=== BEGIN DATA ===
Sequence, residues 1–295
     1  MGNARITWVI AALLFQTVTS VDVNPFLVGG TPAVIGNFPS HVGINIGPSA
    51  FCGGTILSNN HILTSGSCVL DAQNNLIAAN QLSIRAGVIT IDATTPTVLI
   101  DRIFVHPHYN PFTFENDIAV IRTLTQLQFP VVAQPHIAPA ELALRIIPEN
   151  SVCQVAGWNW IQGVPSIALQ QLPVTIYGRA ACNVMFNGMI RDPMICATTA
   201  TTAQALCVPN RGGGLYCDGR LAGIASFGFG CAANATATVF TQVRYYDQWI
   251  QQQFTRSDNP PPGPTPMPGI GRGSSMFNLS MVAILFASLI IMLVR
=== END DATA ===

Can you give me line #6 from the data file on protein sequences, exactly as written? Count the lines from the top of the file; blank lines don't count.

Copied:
   201  TTAQALCVPN RGGGLYCDGR LAGIASFGFG CAANATATVF TQVRYYDQWI